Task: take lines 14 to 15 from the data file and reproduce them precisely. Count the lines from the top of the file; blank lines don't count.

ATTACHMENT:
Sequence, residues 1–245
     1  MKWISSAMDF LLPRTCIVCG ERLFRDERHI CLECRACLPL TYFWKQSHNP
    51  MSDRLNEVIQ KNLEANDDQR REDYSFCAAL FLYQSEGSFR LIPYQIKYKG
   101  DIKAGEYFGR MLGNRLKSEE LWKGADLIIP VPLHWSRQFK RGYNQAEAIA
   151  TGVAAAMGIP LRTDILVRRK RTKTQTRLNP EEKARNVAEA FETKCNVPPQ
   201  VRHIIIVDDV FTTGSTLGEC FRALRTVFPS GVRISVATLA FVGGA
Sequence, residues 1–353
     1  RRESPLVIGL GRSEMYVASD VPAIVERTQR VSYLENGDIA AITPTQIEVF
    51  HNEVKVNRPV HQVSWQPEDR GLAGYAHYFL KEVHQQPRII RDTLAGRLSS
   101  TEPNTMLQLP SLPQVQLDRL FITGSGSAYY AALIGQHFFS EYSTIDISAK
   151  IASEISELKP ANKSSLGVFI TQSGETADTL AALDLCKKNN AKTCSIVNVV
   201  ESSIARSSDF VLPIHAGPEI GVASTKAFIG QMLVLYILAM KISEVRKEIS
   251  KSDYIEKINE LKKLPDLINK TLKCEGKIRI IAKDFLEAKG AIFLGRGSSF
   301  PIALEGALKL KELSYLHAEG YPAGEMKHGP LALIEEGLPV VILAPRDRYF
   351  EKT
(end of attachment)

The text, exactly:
   301  PIALEGALKL KELSYLHAEG YPAGEMKHGP LALIEEGLPV VILAPRDRYF
   351  EKT